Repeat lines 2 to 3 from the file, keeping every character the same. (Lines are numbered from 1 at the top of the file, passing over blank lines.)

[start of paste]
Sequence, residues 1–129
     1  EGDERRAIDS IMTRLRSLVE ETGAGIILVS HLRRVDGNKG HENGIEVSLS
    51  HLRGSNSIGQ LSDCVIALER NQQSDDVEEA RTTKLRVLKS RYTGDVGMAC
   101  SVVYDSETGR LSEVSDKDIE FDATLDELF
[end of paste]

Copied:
     1  EGDERRAIDS IMTRLRSLVE ETGAGIILVS HLRRVDGNKG HENGIEVSLS
    51  HLRGSNSIGQ LSDCVIALER NQQSDDVEEA RTTKLRVLKS RYTGDVGMAC